Advocacy, Climate Change, Corruption, Disasters

Rains continue, flood waters recede in the Lower Lempa

Today community members report renewed access to San Marcos Lempa via the ‘paved’ road.  Many sections are washed out or still covered with a few inches of water, but smaller vehicles are now able to enter the communities.

Families from less directly affected communities such as Amando López and Octavio Ortiz are anxious to return to their homes, but Voices staff and other authorities are urging them to stay while the rain still falls.  It has been raining without pause throughout the country since the early hours of this morning.

ACUDESBAL (the local inter-communal association) and CESTA (an environmental NGO) published a press release denouncing the role of the September 15th hydroelectric dam in the near total devestation of many communities in the Lower Lempa.  The release says “During this climatic phenomena, the CEL again released 11,500 cubic meters per second, but unlike Hurricane Mitch, this amount of water was released for a prolonged period of time, and the river bed is more clogged [than in ’98’], which caused flooding from San Marcos Lempa all the way down to Montecristo Island”.  The release demands that CEL accept responsibility for their negligence, especially after an interview with the CEL president Irving Tochez, where he claims that CEL is in no way responsible for the devestation, but rather mitigated further disaster by ‘helping to retain water and releasing it in a controlled manner’.

They end by stating ” the road to recovery will be extremely difficult, but we know we can count on the support and solidarity among the organized communities, here and abroad”.

Advocacy, Disasters

Crisis in El Salvador! Please Help Now

The situation here in El Salvador has become truly critical in the past 24 hours.  The number of evacuated persons has risen to at least 13,878 and Civil Protection continues to call for more.  In the past 12 hours over 200 ml (approximately 8 inches) of rain fell nation wide, and the death toll has risen to at least 27 people.  Many roads are now impassable due to flooded rivers and creeks, as well as land slides.  Civil Protection has registered 590 land slides, 472 damaged or destroyed homes, and 998 homes in grave risk.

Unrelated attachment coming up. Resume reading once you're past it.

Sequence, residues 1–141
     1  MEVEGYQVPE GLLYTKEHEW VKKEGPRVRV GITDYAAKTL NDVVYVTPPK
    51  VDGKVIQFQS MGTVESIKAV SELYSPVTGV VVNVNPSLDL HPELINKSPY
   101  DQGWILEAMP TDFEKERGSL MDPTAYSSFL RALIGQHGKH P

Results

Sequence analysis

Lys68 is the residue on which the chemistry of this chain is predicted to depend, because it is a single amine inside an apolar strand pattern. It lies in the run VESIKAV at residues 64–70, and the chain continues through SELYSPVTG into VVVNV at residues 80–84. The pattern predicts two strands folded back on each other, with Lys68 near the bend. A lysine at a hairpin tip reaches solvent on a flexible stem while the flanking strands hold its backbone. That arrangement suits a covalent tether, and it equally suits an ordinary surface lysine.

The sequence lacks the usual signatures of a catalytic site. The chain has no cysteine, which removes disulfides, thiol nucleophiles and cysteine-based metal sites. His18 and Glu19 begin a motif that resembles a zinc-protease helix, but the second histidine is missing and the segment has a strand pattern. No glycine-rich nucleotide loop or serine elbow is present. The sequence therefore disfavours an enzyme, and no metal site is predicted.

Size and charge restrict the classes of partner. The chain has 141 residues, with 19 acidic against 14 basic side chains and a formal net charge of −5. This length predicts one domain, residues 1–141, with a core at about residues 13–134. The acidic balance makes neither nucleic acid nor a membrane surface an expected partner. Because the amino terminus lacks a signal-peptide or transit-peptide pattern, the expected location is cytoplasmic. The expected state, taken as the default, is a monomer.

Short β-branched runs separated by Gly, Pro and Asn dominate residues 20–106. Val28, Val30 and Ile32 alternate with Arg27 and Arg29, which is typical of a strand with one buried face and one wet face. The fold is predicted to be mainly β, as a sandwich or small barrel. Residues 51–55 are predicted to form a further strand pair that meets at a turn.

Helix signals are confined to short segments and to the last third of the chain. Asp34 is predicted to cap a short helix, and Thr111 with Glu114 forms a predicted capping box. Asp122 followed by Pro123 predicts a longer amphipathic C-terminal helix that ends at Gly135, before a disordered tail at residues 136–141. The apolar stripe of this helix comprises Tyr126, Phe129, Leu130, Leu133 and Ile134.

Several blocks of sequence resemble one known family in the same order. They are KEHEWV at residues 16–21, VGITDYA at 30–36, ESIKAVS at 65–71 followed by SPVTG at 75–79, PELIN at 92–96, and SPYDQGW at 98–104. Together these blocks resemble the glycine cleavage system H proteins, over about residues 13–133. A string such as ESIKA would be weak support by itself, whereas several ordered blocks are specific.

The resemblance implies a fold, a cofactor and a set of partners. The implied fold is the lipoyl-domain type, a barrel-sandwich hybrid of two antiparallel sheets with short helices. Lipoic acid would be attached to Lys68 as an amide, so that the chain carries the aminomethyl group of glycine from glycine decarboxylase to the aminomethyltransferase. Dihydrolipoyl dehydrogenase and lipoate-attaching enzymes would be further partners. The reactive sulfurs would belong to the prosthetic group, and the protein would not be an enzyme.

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We cannot stress enough the devastation that has occurred over the past 72 hours.  The entire country is on red alert, frantically trying to get basic necessities to shelters and communities around the country.

In the Lower Lempa the CEL is currently releasing 8000 cubic meters of water per second, levels not seen since Hurricane Mitch in 1998.  The levees are already seriously compromised and the Mayor  of Jiquilisco is calling for a complete evacuation of the Lower Lempa, as ordered by Civil Protection.  The Salvadoran Navy and Armed Forces has dispached boats and vehicles to help facilitate evacuations.

We at Voices are working with the Civil Protection Central Command out of Ciudad Romero. They have asked us, for right now, to provide support to the shelters in Amando Lopez and Comunidad Octavio Ortiz, which we are doing. This afternoon, Civil Protection is evacuating the Amando Lopez Shelter, which is at capacity. As the Rio Lempa continues to rise through the afternoon and into the evening, we expect that the numerous families that have so far not evacuated to make their way to the Amando Lopez shelter, and they will need our support. We will also continue assisting the evacuees as they move to the shelter in San Marcos. Right now we are focused on the basics: food, clothing, and shelter.

Again, if you have not donated for this emergency, we urge you to do so.  This weather is projected to last into the coming week, and any and all aid is urgent and necessary.  Also we have noticed that there is a lack of coverage in the international press – please help spread the word!

We are making a wire transfer to the communities tomorrow morning, so please help tonight by clicking on the Donate Now button to the right of this page. No amount is too small or big.

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